review of triple-ought : LUSENET : TimeBomb 2000 (Y2000) : One Thread

We've had literary threads, but James Wesley, Rawles Triple Ought is a special case, so I thought I'd comment on it here. Forgive if somebody already did this a long time ago, also I know the y2k old-timers already know about this. First, location, location, location:

Comments: This book is a special case because of the fantastic wealth of completely realistic detail provided. I mean realistic, as in product names, exact numerical measurements, version numbers of equipment, etc. etc. The cause of the actual breakdown is vague: basically fractional banking collapse, could easily accomodate y2k in the mix. College friends had been living normal lives, except everybody's been contributing money for stored supplies at a communal site in Idaho. The group trains together a few weeks per year, but otherwise have semi-normal yuppie lives. When it all goes down, they attempt to get out of Dodge (basically, Chicago) and re-unite at the group homestead, which is rural acreage, fortified house, gardens, etc. Most make it, a few stragglers. They hole up there, have a few firefights, respect a totally military lifestyle discipline, eventually become a local political/militaryl force in opposing a NWO style re-gurgitated Fed government.

That's the plot, and the characters are decent but fairly wooden. But this book will tell you EVERY SINGLE DETAIL about a long-term social breakdown survival plan, including LOTS of stuff you never thought about. (hint: going to have a baby?)

For the gun nuts among us, well, let's just say this book leaves no shell unshot.

Order and enjoy,


-- Runway B. Cat (, December 05, 1998


I read the screenplay for that. I don't particularly like it; it may be detailed, but I don't think that that kind of detail is what a movie audience wants.

It's also too Christian for my tastes. It's the kind of thing that IMO would go down well with the Gary North crowd, but as a film it wouldn't be so good; it pushes Christianity a little too hard. For instance, the scene at the end.

And there's not enough action. For it to be a good movie, the audience would really have to care about the characters. That just doesn't happen.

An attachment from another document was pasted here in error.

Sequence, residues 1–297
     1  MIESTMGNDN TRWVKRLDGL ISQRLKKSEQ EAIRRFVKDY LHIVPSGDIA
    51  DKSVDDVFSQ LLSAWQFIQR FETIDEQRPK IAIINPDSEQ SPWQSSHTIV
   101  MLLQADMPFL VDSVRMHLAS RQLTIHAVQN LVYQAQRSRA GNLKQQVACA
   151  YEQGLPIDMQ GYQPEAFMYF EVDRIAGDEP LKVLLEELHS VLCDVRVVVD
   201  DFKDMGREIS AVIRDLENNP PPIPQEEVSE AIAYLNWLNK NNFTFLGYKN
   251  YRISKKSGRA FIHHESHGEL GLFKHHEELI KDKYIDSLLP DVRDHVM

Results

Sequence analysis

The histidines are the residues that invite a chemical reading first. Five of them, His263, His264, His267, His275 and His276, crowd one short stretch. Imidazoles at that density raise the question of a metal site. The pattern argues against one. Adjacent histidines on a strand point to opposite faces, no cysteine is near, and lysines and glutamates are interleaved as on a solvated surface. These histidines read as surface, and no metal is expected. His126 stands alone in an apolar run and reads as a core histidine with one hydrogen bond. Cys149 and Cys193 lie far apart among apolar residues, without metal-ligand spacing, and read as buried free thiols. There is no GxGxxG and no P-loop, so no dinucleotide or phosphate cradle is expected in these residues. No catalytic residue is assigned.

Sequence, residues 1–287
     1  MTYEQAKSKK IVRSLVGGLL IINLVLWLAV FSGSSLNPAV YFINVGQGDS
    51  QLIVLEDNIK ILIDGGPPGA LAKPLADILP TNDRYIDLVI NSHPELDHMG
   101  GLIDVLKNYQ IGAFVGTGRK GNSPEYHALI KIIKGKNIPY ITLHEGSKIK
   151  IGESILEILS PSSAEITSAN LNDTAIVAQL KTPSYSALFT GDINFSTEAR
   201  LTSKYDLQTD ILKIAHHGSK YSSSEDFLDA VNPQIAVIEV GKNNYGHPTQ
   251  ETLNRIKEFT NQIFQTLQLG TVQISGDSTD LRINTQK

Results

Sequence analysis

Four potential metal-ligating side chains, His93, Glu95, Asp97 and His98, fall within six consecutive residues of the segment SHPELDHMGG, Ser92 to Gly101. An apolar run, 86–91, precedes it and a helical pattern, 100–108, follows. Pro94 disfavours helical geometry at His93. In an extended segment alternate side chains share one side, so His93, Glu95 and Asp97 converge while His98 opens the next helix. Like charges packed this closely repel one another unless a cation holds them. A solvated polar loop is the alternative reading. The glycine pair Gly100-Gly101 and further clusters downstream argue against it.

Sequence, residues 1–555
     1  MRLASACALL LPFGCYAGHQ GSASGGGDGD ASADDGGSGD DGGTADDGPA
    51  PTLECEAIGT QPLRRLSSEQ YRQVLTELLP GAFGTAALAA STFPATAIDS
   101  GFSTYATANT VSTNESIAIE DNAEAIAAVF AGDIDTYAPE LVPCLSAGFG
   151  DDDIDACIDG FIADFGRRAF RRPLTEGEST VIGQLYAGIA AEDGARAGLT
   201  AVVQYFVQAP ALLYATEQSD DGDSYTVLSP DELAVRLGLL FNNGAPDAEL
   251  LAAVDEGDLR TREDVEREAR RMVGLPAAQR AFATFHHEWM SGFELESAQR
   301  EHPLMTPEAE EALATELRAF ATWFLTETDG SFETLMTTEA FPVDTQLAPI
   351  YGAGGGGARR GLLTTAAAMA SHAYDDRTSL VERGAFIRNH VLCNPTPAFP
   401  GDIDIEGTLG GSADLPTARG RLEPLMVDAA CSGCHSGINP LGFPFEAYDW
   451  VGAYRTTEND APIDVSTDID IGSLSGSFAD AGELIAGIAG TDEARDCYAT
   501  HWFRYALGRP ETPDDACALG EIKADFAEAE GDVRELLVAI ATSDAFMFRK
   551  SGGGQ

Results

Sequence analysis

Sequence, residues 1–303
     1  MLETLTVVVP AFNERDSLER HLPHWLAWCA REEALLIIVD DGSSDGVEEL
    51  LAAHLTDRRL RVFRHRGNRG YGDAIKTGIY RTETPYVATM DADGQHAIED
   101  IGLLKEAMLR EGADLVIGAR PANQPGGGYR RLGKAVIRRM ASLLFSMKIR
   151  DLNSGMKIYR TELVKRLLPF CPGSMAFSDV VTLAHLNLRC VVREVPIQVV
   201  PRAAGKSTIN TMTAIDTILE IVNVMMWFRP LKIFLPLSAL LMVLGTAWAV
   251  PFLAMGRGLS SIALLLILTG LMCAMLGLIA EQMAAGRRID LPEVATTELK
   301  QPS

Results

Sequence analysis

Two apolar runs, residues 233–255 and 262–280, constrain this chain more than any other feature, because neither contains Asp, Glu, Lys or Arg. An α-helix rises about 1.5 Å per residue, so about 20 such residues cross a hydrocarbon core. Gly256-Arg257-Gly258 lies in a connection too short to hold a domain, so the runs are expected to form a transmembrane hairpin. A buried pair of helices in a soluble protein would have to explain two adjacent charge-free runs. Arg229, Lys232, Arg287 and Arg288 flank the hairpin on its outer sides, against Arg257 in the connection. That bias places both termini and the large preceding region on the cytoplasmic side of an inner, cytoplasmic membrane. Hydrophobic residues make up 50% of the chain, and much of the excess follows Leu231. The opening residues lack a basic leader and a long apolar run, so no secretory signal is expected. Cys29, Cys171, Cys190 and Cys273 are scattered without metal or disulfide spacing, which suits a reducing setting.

-- Leo (, December 05, 1998.

I should have clarified, my comments were about the full novel, which is the most amazing collection of completely useful survival information anywhere. Not really for entertainment, for survival instruction.

I was not referring to the screenplay.


-- runway cat (, December 05, 1998.

Skimmed it. It's a fantasy; a survivalist's wet-dream.

Apparently some folks buy a lot of expensive survival equipment, learn how to use it, & dream of that sweet day when not only will they get to use their stuff in real life, but, as an extra big bonus, everyone who hasn't done the same will die miserably! How simply wonderful. You're alive & thriving because you spent all your waking hours & extra money preparing for Armageddon, while those other dumb schmucks, who did nothing but play video games or watch sports on TV, are dead or dying.

And now you can re-build society the way YOU want to, because all the rot of society has been purged.

Wow. What an eye-opener that book was. Things are even worse than I thought.

-- Ben Dair (done that) (, December 06, 1998.

I read the first few chapters of Triple Ought, skimmed some of the rest, quit about the time they had the run-in with the cannibals. This was (perhaps) an early version, so long ago that the site is Number Four on my very long Favorites list and long overdue to be removed. Maybe Rawlins has improved it since then. To be honest, RC, I wasn't impressed by either the book or Rawlins. It may be semi-instructional, but as literature it sucks large amounts of hot wind, IMHO. Very much a survivalist's firepower fantasy, and one that is applicable to almost no one on this board. Lucifer's Hammer; Alas, Babylon; and Carla Emery's homesteading Bible have more plot and lots more information. A Heinlein book, Tunnel in the Sky, also has some excellent advice on staying alive in a harsh and hostile environment. ---------- Sounds harsh, on rereading the above, and I don't want you to take this as a personal flame, RC, because it isn't. But I honestly believe the book doesn't hold up in the long run. Read Alas Babylon -- written in the late 50s-early 60s about nuclear war, and still so well regarded that it's not only still in print but also still on the shelves at most large bookstores.

-- JDClark (, December 06, 1998.

JDClark, you make some excellent points. I've actually all the books you cited. My only take was, isn't Lucifer's Hammer even more of a fantasy ? With less realistic detail ? Plenty of firefights there, too, with the cannibal army and all. I did think that T.O. had more realistic detail to at least consider. But, as they say "one man's meat is another man's poison" :)


-- run way cat (, December 06, 1998.

RC: You're right about Lucifer's Hammer; I'd forgotten some of violence. Still better written, though, IMHO. Alas Babylon is better than both, yet has so much less violence in it. Maybe it reflects the growing taste for adrenalin over brains in action fiction in the years since AB was written :)

-- jdclark (, December 07, 1998.

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